TALLAHASSEE, Fla. (CAPITOL NEWS SERVICE) - State lawmakers have scheduled a hearing for Monday afternoon for the first discussion of new school safety and firearm legislation.
The legislation, however, does not include the one thing that drove thousands to protest at the Capitol Wednesday.
The emerging school safety plan calls for more firepower in schools, patterned after the Sentinel Program in Polk County. It calls for well trained, armed school personnel to be the first line of defense.
Incoming Senate President Bill Galvano is leading the negotiations.
“This isn’t just a situation of arming teachers. This is a program that is run through the sheriff’s department on a voluntary basis, wherein someone who seeks to become deputized has a psych[ological] eval[uation] and 132 hours of training," said Galvano.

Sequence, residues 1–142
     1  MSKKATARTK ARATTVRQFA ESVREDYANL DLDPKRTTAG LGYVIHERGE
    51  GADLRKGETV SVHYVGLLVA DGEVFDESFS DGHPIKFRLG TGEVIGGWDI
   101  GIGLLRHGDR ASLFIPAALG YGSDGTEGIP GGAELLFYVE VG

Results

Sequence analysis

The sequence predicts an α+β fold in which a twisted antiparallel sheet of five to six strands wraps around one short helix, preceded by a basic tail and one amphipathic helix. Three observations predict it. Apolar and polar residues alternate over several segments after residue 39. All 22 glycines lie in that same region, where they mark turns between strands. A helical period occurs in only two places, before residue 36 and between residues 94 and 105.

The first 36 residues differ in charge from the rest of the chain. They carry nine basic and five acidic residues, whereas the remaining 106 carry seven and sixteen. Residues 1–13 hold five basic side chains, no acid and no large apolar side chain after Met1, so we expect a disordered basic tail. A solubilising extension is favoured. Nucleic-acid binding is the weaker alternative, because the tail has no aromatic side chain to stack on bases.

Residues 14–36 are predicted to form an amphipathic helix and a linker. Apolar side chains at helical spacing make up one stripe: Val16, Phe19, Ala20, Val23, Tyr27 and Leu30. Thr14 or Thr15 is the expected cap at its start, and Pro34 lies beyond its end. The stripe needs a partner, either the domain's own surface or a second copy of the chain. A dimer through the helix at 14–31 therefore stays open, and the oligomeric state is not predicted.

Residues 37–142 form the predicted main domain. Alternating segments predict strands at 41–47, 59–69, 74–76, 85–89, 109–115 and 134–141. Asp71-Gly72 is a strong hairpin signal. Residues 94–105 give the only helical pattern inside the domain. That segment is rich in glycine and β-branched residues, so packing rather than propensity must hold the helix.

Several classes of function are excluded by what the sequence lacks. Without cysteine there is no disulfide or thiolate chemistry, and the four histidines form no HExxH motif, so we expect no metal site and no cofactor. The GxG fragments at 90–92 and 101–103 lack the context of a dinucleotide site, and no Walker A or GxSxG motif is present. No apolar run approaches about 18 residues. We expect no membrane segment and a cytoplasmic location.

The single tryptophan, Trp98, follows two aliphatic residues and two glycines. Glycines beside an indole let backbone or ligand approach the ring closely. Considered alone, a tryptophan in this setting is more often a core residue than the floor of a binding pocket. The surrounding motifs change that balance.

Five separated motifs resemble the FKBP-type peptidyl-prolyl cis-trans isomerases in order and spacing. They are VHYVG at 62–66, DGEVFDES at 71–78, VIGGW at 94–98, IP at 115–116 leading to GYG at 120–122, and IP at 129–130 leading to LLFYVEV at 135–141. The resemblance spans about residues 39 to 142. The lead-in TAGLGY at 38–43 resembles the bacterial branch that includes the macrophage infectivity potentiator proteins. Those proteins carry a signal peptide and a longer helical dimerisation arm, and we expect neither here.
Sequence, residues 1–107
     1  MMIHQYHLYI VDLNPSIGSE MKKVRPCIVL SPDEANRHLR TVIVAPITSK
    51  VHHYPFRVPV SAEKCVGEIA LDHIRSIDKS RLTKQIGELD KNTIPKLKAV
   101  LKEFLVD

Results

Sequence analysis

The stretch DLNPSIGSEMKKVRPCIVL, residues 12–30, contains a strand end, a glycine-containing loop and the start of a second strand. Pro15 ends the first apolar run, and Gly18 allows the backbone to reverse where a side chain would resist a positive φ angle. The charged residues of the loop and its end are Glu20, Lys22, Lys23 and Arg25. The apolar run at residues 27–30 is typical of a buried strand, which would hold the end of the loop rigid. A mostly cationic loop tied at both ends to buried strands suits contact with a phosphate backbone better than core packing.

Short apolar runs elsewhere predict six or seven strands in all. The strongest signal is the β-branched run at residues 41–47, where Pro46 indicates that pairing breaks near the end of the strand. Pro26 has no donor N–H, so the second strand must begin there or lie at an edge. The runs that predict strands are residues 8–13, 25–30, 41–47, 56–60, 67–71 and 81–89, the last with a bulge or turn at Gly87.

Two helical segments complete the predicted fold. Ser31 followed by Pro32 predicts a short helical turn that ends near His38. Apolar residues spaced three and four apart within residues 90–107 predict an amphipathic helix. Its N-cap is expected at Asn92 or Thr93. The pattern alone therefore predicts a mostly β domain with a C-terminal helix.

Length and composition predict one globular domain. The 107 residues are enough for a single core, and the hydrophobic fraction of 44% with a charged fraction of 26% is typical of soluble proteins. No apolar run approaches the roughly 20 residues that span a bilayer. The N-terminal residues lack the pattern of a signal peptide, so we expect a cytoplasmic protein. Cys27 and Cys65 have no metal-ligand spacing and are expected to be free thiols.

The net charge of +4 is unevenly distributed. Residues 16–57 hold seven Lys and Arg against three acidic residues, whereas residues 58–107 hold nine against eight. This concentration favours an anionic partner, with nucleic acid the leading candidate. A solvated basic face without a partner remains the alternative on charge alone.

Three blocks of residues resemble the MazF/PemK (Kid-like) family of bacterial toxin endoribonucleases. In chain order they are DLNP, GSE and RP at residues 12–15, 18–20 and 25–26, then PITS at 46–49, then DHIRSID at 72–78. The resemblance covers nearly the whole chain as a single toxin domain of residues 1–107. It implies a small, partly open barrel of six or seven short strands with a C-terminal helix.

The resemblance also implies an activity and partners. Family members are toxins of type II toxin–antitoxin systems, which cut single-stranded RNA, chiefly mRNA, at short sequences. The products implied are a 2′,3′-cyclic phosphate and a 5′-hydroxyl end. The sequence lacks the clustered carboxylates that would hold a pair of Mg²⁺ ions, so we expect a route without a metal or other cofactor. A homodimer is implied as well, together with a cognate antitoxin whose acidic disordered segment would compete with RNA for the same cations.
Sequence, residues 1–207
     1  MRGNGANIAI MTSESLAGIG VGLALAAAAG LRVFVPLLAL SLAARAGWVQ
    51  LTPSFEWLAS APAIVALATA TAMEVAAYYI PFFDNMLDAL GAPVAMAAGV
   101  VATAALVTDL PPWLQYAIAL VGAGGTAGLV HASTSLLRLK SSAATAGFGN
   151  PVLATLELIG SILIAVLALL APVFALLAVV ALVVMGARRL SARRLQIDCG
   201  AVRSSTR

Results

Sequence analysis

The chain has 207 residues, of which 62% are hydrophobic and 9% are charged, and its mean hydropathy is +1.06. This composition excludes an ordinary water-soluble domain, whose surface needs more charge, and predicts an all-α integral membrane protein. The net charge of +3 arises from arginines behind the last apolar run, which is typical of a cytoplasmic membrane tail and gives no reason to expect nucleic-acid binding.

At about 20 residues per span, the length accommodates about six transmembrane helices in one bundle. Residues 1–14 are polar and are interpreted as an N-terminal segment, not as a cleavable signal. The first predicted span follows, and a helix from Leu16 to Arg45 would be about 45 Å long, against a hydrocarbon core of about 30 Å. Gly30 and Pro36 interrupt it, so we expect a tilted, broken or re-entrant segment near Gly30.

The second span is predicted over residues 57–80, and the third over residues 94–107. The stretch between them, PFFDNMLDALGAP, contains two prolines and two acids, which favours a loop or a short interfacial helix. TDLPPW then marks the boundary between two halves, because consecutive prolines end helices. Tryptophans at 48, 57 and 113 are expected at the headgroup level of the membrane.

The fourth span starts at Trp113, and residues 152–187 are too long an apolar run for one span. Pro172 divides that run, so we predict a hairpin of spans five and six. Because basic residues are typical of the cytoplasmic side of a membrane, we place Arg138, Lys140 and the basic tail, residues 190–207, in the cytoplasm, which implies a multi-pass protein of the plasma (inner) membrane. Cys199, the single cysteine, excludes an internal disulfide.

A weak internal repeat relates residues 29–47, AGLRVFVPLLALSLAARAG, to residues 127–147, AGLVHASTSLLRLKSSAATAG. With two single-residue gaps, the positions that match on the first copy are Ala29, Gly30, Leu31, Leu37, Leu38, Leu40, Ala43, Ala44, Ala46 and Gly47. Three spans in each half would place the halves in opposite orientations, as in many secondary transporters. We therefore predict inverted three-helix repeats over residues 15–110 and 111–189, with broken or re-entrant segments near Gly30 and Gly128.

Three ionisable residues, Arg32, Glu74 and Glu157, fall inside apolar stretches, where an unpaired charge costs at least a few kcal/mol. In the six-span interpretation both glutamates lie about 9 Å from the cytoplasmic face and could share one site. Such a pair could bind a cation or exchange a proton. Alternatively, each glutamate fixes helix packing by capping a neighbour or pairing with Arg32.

The legislation will be a souped-up version of legislation debated since Sandy Hook.
Under the plan, police would have more power to take guns from the mentally disturbed without a declaration of incompetence. Sheriffs said this week current law ties their hands.
Pinellas County Sheriff Bob Gualtieri said, “We need the authority to take their weapons, to take the guns away from them that they have just threatened to hurt somebody with and we can’t do that today.”
In a meeting with legislative leaders late Wednesday, the Governor reportedly said he was willing to give any tax cuts this year if the money was needed for school safety.
But the proposals don’t do what thousands asked for this week: gun control.
Democrats will keep trying for a ban on assault-style rifles.
Senator Oscar Braynon said, "We believe that’s the solution. None of this happens without that.”
Lawmakers say policy decisions will drive cost, not the other way around.
Other features included more power to take guns from people evaluated under the Baker Act, raising the age for assault rifle purchases, and requiring a three-day cooling off period.